The Initial Conference. Once the documents and related materials requested in the questionnaire have been assembled and problem areas preliminarily identified, a meeting should be scheduled between audit counsel and the designated officers of the company who are well-versed in the various aspects of its operations. Related members of the management team, such as the outside accountant and other professionals who play key advisory roles, should be present during at least the portion of the audit that relates to their area of expertise. This initial series of conferences is an information-gathering exercise designed to familiarize the legal auditor with the most current information about all aspects of the company. In addition to these conferences with key personnel, the audit team should perform some on-site observations of the day-to-day operations of the company. The legal audit team should also review the current financial statements of the company and spend some time with the company's accounting firm.
Implementation of the Post-Audit Recommendations. Once the legal audit team has issued its post-audit evaluation to the management team, the entrepreneur can implement the recommendations of the report. What he or she does will vary, depending on the growth planned by the company, as well as the specific findings of the report. At a minimum, the entrepreneur should schedule meetings with key personnel to review and discuss the post-audit recommendations; prepare internal memos to educate the "rank-and-file" employees; conduct employee seminars to educate employees about proper procedures and compliance; and in certain cases, develop handbooks and operations manuals for continued and readily available guidance for the company's staff. If significant problems are discovered during the audit, counsel should be careful about what is included in the final written report in order to avoid potential adverse consequences down the road under the federal or state rules of evidence. In addition, the company can establish a "tickler system" for periodic reporting and key dates/deadlines, as well as a time set for the next legal audit.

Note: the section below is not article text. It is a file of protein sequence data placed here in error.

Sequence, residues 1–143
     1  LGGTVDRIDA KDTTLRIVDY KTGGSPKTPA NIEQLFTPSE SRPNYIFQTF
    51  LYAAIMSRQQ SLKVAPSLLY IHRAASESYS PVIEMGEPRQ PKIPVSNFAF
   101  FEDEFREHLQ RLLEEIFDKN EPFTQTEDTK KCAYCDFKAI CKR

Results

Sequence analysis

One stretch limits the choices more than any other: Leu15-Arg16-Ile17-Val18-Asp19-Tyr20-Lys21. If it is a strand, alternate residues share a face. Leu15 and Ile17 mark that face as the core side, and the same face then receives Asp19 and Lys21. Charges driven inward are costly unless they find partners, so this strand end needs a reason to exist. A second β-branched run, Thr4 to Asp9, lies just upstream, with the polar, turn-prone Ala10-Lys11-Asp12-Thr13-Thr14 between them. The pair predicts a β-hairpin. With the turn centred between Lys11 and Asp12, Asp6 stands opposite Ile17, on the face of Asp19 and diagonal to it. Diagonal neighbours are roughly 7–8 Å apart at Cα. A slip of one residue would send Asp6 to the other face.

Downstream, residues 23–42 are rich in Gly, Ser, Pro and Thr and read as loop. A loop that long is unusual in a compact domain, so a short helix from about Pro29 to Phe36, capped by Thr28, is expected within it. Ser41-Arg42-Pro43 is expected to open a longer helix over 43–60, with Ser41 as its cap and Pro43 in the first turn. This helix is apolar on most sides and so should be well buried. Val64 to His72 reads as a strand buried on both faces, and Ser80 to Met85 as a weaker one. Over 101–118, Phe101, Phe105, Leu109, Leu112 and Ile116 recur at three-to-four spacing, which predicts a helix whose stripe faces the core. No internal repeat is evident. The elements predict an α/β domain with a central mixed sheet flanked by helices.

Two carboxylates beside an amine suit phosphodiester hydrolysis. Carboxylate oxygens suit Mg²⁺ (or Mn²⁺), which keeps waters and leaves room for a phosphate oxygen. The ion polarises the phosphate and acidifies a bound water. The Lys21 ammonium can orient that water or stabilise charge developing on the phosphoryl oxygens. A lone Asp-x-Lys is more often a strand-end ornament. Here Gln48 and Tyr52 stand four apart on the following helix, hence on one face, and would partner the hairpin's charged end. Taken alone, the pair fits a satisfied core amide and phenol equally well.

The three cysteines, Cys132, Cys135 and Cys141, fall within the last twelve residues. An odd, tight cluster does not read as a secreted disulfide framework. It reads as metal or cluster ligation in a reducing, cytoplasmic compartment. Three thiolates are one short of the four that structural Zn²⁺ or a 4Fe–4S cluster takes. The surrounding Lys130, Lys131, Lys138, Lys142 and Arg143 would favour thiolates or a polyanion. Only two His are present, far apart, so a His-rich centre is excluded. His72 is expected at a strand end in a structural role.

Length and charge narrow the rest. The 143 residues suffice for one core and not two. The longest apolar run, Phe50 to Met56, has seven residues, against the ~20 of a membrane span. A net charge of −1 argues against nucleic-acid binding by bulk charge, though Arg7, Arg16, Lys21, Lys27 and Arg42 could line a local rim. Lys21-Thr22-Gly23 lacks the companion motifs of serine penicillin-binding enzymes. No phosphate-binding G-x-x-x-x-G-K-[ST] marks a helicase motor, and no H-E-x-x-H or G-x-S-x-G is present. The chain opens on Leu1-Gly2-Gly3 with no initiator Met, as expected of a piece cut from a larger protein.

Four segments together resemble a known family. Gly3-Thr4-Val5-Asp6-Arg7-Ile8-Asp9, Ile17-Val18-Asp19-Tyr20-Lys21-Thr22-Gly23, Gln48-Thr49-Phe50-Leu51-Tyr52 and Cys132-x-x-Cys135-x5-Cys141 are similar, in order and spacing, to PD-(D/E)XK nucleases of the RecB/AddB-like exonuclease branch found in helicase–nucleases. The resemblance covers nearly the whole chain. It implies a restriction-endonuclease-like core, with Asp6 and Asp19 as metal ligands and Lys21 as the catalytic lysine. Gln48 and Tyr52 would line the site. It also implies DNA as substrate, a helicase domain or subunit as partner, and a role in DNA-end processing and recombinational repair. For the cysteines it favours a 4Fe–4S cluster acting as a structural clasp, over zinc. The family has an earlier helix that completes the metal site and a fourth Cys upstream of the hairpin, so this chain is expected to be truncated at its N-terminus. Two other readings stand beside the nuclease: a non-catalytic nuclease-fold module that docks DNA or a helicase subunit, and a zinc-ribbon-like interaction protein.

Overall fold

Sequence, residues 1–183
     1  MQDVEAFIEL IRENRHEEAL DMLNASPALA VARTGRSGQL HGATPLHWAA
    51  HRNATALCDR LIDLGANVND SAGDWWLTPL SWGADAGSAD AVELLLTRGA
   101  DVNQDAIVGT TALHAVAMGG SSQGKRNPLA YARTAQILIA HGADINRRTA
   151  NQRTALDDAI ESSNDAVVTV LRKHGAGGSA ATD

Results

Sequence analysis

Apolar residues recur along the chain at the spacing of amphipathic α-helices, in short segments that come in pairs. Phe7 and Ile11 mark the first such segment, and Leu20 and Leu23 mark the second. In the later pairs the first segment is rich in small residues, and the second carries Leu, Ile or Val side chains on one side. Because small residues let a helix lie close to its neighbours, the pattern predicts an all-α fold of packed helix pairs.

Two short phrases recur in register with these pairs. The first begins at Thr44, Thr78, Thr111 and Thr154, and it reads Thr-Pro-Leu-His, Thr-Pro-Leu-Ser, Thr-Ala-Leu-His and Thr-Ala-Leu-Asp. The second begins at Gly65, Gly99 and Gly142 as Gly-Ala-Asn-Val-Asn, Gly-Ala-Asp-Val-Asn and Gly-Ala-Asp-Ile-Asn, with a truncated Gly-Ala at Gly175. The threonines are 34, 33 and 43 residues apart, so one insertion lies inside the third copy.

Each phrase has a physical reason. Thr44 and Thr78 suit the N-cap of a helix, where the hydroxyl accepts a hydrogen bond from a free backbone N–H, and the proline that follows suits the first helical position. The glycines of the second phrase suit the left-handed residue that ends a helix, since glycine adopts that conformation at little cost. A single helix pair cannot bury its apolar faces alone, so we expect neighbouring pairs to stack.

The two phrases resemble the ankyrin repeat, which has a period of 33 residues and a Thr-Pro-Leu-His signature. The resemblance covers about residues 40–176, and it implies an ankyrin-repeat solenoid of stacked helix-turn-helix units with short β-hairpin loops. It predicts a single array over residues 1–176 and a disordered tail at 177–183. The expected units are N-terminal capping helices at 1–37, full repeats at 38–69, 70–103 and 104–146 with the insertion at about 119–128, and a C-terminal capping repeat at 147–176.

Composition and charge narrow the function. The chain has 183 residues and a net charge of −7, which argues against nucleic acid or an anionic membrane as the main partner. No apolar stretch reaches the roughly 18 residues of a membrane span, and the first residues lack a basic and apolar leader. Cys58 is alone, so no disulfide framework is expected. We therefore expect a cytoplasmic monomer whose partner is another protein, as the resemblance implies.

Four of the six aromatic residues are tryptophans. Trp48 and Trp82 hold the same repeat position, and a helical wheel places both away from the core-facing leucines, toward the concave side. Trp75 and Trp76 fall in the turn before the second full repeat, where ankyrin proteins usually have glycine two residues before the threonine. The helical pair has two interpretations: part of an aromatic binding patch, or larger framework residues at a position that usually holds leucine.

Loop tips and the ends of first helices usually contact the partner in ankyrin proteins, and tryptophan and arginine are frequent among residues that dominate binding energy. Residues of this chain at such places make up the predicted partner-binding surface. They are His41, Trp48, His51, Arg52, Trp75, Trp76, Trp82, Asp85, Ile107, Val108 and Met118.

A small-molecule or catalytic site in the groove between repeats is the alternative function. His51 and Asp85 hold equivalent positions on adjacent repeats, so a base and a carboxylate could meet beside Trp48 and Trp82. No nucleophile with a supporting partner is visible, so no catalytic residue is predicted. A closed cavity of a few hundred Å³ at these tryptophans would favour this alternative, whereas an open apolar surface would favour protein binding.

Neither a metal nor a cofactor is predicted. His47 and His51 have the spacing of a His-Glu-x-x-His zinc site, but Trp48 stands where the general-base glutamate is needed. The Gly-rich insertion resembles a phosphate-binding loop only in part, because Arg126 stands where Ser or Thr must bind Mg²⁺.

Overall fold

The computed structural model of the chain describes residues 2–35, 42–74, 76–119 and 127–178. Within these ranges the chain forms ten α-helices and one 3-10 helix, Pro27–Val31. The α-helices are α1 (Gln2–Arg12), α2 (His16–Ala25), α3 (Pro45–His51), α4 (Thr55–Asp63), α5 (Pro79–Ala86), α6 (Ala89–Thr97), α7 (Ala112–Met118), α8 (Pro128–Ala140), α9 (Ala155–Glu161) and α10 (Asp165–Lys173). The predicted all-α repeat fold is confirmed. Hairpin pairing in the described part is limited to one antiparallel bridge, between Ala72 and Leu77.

Risks of Not Complying
The failure to have an independent legal audit performed by qualified legal counsel can have a significant adverse impact on the company and its founders. The risks of non-compliance with these many laws and regulations include:
- Failure to keep proper books and records or mixing personal assets with business assets could lead to the ability by third parties to "pierce the corporate veil," thereby removing the limited liability protection of a corporation or LLC, or even to litigation among co-owners.
- Failure to obtain all proper permits and licenses could lead to fines, penalties, and, in some cases, even closure of the business by governmental agencies.
- Failure to comply with certain laws and regulations may lead to problems under federal law with agencies such as the IRS, the EEOC, the EPA, and even the SEC.
- Failure to have employment applications, personnel handbooks and general employment policies reviewed periodically could give rise to governmental and civil liability.
- Failure by the directors of the company to keep accurate records and minutes of its decision-making procedures, such as proving that directors are exercising informed judgment, could subject the company and its board to liability to its shareholders and investors.
- Failure to monitor the company's reporting requirements may put the company into default with lenders or investors.
The process of going through a legal audit isn't easy, but the risks associated with avoiding the issue are too high for any company to bear. Doing so is not only necessary, but beneficial. It is the entrepreneurial company's reality check.